Improving the mental health of Asian Americans: Depends on training primary care clinicians and educating the communityBMJ 2003; 327 doi: https://doi.org/10.1136/bmjusa.02110007 (Published 19 November 2003) Cite this as: BMJ 2003;327:E161
- Henry Chung, medical director, depression and anxiety disease management team (firstname.lastname@example.org),
- Gavin Yamey, deputy editor (email@example.com)
- Pfizer Inc, New York, NY.
- Western Journal of Medicine, San Francisco, CA
From BMJ USA 2002;November:601
Asian Americans suffer a disproportionate burden of disability from mental illness. Yet compared to whites they have less access to mental health services, receive poorer quality mental health care, and are under-represented in mental health research.1 The September 2002 issue of the Western Journal of Medicine (http://www.ewjm.com/) looked at ways of improving the mental health care of this fast growing minority group.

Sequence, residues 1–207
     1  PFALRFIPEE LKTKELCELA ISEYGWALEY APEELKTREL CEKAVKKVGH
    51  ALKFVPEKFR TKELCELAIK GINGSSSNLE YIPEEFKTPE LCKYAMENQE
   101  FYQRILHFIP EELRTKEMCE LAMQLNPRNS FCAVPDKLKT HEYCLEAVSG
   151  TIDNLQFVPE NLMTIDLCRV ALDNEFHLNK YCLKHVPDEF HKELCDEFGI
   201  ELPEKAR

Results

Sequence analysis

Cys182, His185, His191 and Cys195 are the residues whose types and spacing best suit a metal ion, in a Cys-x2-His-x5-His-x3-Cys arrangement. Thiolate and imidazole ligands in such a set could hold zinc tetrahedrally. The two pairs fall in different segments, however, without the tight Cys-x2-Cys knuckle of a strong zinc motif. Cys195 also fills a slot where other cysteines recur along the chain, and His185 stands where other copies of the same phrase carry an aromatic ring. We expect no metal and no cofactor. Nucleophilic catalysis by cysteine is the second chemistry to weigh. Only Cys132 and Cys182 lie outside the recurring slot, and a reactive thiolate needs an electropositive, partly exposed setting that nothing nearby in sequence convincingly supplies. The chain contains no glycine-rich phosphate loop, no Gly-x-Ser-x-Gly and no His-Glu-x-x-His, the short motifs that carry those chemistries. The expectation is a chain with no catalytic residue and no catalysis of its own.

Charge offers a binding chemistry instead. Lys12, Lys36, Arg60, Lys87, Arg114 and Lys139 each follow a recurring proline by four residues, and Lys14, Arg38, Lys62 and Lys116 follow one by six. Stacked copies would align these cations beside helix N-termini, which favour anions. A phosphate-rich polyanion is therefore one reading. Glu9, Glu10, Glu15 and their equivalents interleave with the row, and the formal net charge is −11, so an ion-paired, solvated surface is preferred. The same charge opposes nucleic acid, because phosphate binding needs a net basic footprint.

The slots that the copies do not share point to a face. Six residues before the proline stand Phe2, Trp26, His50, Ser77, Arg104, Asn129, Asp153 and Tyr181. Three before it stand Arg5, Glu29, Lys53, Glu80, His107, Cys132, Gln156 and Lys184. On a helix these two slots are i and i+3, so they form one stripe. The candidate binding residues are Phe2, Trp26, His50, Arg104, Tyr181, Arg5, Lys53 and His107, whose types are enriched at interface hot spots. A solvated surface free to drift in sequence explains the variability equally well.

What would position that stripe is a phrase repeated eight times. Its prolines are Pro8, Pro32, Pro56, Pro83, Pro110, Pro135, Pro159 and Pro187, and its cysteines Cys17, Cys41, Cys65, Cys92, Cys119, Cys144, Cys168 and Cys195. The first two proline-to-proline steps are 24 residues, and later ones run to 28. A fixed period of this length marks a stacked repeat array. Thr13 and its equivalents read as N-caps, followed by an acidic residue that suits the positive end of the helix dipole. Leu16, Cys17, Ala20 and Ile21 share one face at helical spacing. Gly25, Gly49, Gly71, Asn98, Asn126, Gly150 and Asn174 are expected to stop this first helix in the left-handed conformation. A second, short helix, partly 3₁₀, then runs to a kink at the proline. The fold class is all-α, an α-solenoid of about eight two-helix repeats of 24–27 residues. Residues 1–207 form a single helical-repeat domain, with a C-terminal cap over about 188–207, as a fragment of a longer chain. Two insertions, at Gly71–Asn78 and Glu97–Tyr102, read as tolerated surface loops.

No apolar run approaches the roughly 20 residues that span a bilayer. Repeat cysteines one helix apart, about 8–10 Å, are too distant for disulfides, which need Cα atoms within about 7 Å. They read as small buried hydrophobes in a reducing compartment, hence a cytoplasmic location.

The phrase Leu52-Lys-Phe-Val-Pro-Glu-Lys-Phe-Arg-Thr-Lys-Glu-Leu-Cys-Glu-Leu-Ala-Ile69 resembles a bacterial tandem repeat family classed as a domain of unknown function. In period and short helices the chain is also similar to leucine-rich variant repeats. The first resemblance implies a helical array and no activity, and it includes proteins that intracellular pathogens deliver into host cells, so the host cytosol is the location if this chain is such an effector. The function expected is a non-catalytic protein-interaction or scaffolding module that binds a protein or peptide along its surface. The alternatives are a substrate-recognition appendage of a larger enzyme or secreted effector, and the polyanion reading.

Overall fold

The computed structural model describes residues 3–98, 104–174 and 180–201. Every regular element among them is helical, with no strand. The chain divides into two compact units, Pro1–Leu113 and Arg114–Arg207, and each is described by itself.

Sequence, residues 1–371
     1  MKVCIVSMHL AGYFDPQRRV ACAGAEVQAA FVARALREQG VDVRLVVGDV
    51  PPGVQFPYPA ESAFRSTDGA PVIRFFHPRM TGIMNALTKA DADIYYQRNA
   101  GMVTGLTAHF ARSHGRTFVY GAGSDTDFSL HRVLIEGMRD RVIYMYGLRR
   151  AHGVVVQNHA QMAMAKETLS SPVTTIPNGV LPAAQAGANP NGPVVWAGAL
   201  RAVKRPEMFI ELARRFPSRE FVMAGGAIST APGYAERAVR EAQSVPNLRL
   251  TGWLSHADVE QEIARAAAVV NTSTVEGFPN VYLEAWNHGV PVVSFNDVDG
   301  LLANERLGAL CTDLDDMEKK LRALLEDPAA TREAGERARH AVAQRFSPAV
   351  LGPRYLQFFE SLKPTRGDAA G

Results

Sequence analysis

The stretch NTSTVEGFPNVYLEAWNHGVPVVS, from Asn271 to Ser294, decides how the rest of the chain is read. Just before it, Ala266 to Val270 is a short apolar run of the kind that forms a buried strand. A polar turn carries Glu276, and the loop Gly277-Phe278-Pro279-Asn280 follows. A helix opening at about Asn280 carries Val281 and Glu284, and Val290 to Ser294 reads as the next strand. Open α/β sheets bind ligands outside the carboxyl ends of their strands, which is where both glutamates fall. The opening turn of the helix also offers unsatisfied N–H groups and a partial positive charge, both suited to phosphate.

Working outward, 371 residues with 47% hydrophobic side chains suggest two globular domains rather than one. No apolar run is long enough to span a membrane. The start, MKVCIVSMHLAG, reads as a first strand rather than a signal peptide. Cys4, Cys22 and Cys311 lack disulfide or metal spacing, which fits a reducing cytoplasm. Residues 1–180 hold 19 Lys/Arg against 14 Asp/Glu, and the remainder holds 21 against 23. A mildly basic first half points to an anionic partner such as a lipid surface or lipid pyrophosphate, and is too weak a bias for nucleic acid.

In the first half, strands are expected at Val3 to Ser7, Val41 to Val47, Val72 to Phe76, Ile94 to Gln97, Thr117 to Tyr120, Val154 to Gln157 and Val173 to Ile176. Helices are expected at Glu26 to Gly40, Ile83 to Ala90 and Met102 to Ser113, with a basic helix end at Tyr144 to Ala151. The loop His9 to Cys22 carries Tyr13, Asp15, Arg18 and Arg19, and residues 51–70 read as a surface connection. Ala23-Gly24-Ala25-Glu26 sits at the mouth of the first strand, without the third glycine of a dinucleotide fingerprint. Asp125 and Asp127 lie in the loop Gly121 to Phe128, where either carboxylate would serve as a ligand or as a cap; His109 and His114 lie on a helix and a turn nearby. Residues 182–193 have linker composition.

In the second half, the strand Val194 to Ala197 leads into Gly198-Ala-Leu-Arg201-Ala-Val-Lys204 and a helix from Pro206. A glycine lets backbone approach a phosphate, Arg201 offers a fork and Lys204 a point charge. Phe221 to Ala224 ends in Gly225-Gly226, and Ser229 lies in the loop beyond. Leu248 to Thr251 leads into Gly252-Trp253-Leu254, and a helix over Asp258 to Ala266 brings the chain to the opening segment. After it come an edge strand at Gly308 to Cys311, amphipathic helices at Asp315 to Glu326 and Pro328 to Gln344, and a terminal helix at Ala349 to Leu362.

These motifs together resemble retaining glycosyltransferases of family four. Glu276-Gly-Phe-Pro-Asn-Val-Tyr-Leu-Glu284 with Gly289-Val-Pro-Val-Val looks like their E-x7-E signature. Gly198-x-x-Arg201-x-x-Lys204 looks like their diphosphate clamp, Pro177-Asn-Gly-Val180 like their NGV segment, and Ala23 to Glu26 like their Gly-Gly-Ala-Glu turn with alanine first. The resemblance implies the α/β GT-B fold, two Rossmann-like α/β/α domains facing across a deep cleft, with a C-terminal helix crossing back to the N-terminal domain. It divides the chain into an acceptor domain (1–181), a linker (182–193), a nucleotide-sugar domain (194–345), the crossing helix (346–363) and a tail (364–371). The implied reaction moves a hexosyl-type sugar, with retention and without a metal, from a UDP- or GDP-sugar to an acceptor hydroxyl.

One of the problems in looking at the evidence on the mental health of Asian Americans is that the term “Asian American” includes at least 43 different ethnic groups, which have their origins in countries as diverse as China, Japan, Laos, India, and the Philippines. Therefore, the conclusions drawn from analyses using “Asian American” as a single ethnic category may be very different from those made when specific ethnic groups are examined.
Nevertheless, the available data suggest that the burden of mental health distress is high among Asian Americans. Community studies using mental disorder symptom scales show that Asian Americans have a higher prevalence of symptoms compared to whites.2 In a survey of a random sample of Chinese Americans in Los Angeles, using a standard diagnostic interview, 7% reported that they had experienced neurasthenia.3 This syndrome of persistent and distressing fatigue is considered …
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